“If anything happens here today, I would rather she not be around to experience it,” I say. “I know that I didn’t always treat her well. I know that I didn’t treat her like I would have treated my own daughter.” I turned to look at him, intending to meet his eyes, but he did not look up from his tea. “Still, it’s impossible to care for someone for ten years without coming to feel something for them.”

“It is,” Telal agreed.

I watch him for a moment, but I can see that he doesn’t want to keep talking, at least for the moment. I return to grinding up the dried herbs in my mortar. When I’ve ground them up enough, I’ll add them to the pot of boiling water I’ve prepared on the stove.

I’ve just added the herbs to the pot when a knock comes at the door. I sigh. I turn a level, raising the pot higher above the flame so that it will reduce to a simmer. The light is brighter now, though it hasn’t reached the full brilliance of day. Whenever the Dragon Laws end, I expect someone has determined that now is time to come for the girl.

I glance at Telal, because I think I know who will have come. His shoulders slump. He still does not meet my eyes, but he can see well enough when I turn to look at him expectantly.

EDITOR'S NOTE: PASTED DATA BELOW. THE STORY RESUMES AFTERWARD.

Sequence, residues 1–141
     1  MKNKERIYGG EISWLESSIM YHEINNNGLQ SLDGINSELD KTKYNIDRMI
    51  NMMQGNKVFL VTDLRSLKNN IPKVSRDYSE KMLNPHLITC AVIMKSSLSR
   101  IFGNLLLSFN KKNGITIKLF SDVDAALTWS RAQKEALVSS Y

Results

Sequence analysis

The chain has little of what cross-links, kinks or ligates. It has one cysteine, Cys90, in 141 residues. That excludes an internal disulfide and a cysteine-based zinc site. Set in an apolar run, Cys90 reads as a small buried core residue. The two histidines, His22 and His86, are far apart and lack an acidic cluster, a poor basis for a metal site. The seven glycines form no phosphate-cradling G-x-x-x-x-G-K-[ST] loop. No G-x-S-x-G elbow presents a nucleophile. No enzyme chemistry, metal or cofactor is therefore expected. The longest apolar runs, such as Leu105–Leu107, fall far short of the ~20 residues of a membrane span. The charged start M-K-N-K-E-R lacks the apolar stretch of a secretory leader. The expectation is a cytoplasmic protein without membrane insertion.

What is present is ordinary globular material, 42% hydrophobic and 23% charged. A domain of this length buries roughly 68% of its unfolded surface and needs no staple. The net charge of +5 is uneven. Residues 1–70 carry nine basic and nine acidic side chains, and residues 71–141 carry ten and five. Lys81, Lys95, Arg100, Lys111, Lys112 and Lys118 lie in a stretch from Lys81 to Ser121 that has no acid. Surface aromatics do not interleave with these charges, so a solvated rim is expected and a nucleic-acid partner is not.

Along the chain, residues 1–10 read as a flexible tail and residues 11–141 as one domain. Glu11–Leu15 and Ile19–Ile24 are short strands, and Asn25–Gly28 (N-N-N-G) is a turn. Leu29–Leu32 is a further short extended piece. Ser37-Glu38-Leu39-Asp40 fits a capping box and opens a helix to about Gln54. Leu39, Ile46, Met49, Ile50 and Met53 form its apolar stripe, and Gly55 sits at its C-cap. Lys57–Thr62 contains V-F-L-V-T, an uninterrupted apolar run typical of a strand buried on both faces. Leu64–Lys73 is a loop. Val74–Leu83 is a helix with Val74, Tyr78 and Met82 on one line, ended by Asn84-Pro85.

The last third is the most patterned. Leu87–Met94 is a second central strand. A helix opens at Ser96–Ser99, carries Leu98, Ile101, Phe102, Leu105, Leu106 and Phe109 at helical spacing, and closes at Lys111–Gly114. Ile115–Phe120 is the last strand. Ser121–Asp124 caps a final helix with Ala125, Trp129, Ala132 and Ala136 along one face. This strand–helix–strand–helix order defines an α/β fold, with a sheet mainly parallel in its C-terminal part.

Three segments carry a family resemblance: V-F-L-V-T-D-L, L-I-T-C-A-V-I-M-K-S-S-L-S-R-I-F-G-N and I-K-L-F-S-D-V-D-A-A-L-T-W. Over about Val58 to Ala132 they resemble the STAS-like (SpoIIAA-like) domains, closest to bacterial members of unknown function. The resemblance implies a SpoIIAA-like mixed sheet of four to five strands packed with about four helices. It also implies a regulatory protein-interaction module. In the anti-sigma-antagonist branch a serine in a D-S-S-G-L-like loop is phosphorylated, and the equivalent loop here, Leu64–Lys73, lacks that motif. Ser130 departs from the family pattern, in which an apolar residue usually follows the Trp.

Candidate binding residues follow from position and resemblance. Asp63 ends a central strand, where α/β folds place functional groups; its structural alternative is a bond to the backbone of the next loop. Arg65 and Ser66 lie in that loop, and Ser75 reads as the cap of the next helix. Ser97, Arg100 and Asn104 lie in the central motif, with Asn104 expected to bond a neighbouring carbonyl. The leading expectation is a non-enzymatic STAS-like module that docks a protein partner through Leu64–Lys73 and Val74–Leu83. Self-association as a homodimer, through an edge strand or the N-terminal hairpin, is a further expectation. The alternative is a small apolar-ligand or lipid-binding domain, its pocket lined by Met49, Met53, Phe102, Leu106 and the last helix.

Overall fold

“Alright,” he says.

He rises. I keep tending to my mixture, because if I let it simmer too long, it will not have the intended effect, but also because I don’t want to answer the door. I am glad that he has come so that he can do it for me.

He opens the door. I look to see who it is, and in doing so, I confirm my suspicions. Flanked by four other men stands a younger version of Telal, with his hair more full of color and his shoulders not yet pulled down by age.

“Vane,” Telal says. “I wish that I could say that I’m surprised to see you, son.”

“Father,” Vane says. Unlike his father, he does sound surprised. “Where is she?”

“Kana is at the stove,” Telal says, stepping to the side. I wave and make a show of stirring the mixture in the pot, though it does not need that yet.